My younger daughter is one of the greatest joys of my life. She is full of energy, gives great cuddles and has a fantastic imagination, often involving her Marvel friends Black Widow and Captain America. She also has disabilities.
It has been a long, uphill battle to make sure she gets the services she needs for her disability and developmental delays at school. The struggle includes having to educate myself and my family about her special needs and what she needs to be successful.
Being a parent advocate for my Black child, who is spirited, hilarious, full of energy and also has special needs, feels like a never-ending quest to make sure that I’m doing everything “right.”
I am constantly educating myself on best practices and her rights to services. As I venture into the world of disability advocacy, I’m learning that what I thought was my greatest strength—my unyielding, unstoppable Momma Bear, who is ready to fight the world to make sure my daughter has everything she needs—might also be harmful.
THIS NATURAL PARENT FEAR IS EXACERBATED WHEN YOUR CHILD HAS A DISABILITY.As a mom, I fear for my daughter all the time. This natural parent fear is exacerbated when your child has a disability.
I want the best for her and I never want to put her in a situation where I think she will be unsuccessful. When I see her have “breakdowns” or “failures” in settings that aren’t geared for her, it breaks my heart. And, as a Momma Bear, I never want to see her hurt or fail, so I naturally try and plan activities and events where she will be most successful.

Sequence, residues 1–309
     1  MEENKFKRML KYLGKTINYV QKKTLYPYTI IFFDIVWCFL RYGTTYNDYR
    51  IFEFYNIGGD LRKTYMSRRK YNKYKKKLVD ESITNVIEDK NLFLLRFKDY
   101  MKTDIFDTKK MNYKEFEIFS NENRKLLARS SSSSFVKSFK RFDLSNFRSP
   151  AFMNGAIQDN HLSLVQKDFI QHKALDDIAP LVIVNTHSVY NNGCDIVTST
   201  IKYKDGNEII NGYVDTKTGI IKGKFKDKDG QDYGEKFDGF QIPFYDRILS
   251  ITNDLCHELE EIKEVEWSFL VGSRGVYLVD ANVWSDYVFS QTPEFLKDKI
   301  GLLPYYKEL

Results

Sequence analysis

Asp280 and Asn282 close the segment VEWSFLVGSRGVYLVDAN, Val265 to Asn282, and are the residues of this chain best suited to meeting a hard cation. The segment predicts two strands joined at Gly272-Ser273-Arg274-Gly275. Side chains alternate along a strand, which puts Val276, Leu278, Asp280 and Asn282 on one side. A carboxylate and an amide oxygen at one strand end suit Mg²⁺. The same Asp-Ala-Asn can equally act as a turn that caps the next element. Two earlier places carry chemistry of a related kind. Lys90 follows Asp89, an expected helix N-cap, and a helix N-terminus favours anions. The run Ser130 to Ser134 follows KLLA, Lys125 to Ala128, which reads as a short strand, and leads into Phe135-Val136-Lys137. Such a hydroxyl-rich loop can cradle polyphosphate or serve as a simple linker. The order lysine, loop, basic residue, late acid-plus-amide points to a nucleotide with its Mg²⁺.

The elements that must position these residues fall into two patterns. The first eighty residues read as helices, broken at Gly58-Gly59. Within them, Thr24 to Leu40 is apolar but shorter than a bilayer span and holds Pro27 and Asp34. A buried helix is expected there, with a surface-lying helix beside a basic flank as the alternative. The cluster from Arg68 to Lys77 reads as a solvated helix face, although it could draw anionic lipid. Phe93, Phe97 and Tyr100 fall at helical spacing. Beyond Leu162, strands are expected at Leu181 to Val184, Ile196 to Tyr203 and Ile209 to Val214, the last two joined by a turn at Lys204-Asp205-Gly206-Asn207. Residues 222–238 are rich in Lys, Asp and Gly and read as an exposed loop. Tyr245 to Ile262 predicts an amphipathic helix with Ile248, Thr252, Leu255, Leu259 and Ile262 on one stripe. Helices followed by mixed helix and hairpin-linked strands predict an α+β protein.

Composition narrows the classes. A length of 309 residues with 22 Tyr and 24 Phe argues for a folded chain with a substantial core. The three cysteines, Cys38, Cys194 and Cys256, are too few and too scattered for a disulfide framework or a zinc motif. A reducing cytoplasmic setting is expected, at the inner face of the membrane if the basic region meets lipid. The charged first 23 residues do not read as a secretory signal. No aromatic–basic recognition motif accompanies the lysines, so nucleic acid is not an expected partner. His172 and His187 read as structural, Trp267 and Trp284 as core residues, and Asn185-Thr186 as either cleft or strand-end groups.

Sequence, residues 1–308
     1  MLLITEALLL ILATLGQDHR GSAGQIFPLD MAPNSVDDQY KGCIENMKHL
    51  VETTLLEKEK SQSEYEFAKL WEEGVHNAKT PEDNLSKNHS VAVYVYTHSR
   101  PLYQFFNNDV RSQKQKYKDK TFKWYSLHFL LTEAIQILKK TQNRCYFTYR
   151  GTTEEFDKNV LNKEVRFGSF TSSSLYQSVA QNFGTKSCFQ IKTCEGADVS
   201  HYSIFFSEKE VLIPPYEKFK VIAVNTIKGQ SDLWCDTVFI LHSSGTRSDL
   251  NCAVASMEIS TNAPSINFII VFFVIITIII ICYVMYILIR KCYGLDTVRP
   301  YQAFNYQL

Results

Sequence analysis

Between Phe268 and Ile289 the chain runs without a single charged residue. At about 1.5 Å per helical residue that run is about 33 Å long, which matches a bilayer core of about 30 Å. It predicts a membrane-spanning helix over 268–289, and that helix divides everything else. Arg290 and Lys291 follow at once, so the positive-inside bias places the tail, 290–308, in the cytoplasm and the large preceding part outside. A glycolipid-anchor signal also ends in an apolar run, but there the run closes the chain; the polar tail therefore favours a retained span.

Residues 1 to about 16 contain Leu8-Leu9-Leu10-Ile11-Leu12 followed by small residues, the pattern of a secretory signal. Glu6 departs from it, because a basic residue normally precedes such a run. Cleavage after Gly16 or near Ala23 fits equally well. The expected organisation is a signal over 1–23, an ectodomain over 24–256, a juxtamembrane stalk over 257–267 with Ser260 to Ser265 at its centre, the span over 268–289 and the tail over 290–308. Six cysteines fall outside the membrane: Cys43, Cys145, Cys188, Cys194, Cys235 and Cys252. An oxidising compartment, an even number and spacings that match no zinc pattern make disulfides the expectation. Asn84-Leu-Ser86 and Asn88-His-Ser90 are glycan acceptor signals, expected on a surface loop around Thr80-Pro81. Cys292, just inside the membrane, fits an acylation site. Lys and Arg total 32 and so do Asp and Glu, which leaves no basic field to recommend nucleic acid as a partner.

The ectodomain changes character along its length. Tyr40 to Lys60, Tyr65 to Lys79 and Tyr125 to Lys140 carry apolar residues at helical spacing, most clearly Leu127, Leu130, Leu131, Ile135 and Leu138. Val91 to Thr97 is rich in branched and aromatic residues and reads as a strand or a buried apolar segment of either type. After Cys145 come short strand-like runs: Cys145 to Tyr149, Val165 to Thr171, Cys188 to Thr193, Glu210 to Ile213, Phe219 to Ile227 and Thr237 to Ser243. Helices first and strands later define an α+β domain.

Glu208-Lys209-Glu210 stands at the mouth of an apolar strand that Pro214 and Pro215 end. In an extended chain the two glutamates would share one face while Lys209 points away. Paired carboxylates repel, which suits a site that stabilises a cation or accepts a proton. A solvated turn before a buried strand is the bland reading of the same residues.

But I’m learning that, even though she has special needs and a disability, she still has the right to decide what activities she wants to take part in. And—the hardest part for me to grasp—she still has the right to make decisions about what she wants to do.
SOMETIMES YOU MEASURE SUCCESS IN HIGH-FIVES, NOT HOME RUNS
One recent example is that my daughter wanted to play baseball. More specifically, she told us she wanted to “be on a team and get a trophy.”
She sees her older sister playing on a team, wearing a team jersey, and sees all of her sister’s trophies in their shared bedroom. So she has repeatedly asked me and my husband to let her play on a team.
As her parents, we observe that she gets overstimulated and really tired in noisy places. She has a hard time following directions, staying still, or doing multi-step directives. We thought sports would be overstimulating for her and that she wouldn’t be successful on a team because of her disability. So, because we wanted her to be successful, we didn’t allow her to participate in organized sports because we thought she couldn’t handle it and we didn’t want to see her fail.
But my daughter still wanted to play sports. She wanted to play sports and do activities with her friends.
But while attending an Illinois statewide leadership training, Illinois Partners in Policymaking for parent advocates helped me find a way through this impasse. Expert Teri Sternberg introduced me to the concept of “person-centered planning,” which puts the person with special needs—their thoughts, wishes and strengths—at the center of planning for their future.